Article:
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Tigers speak out for Bell Let's Talk

Tigers speak out for Bell Let's Talk

by Kirk Jessome

Mental illness can affect anyone, regardless of age, gender, race, or culture. Starting a conversation is the first step in finding help. 

Today is Bell Let’s Talk day, a national campaign that encourages all Canadians to have a conversation about mental health and help end the stigma associated with mental illness. Bell helps to further the cause each year by donating 5 cents to mental health research for each text or phone call made on a Bell phone, as well as the use of the Bell Let’s Talk hashtag on social media throughout the day.

 The Dalhousie Tigers look to help further the cause each year as they host a hockey game celebrating the Bell Let’s Talk program, and for the players, it is an honour to be involved. 

Fifth-year hockey player Luke Madill has been a part of the game for as many years, and says that the Tigers are happy to be able to help the cause. 

“I think it’s a great opportunity to be a part of a very successful campaign,” says Madill. “A lot of people are affected by mental health issues, so to be a part of their cause in any way is a very fortunate experience for us.” 

To Madill, positive mental health is all about finding a balance. 

“There are always going to be demands related to work, school, athletics, family and friends,” he explains. “If you become fixated on one aspect, life can start to fall out of balance. It’s important to give attention to every part of your life, while still taking time for yourself.” 

Madill also emphasized that the awareness of mental health issues should extend beyond the weeks surrounding the Bell Let’s Talk event if we are to continue to make a difference.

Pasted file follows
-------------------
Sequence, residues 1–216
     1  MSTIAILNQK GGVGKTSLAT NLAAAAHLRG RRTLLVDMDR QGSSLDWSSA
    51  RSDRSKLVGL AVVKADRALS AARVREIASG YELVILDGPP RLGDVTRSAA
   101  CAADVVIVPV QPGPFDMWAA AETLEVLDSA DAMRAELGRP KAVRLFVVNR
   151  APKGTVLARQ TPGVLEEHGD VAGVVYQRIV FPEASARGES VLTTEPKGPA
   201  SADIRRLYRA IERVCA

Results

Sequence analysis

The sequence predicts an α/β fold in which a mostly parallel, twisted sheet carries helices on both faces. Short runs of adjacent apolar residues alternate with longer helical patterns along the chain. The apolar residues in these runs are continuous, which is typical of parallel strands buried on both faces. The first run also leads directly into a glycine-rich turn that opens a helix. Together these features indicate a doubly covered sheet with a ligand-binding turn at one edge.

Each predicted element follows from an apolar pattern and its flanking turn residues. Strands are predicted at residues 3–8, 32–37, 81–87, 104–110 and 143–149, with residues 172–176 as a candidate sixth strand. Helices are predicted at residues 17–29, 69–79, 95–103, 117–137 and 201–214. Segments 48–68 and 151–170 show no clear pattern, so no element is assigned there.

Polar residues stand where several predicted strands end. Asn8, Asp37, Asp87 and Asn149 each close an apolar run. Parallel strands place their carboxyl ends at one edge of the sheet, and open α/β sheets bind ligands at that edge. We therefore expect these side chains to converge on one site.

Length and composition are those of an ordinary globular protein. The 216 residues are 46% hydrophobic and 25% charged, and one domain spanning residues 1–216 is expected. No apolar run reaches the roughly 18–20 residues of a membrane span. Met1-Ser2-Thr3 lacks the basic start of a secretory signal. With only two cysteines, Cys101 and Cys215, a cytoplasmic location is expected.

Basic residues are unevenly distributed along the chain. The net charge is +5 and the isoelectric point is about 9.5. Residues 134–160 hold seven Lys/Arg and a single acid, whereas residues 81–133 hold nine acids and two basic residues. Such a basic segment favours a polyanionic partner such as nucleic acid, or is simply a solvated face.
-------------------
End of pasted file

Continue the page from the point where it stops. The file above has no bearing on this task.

“I think if we want to further remove the stigma, it’s important to make a conscious effort to be aware of mental health issues in all of our interactions and activities during the entire year, and not just the weeks surrounding Bell Let’s Talk.” 

Mental health is a priority for student-athletes who have a lot of pressure on them to perform and succeed. More and more of them are coming forward to share their stories to get help and to end the stigma. 

First-year soccer player Olivia MacIntyre is making the transition from high school to collegiate athletics, which is very often a difficult one. 

“It’s easy to get into a routine and sometimes I catch myself going through the motions and not feeling like myself,” says MacIntyre. “It’s important to take time each day to step back and take time for yourself. Mental health should be just as important as your physical health.” 

The most common theme when talking to athletes about mental health is the use of a personal support system, which is summarized by MacIntyre. 

“Your family and friends are the best resource, don’t stay silent, start the conversation!” 

The Bell Let’s Talk hockey game will take place January 31st, as the Tigers host l’Université de Moncton at the Halifax Forum, with puck drop at 7:00. The game will also be televised on TV1.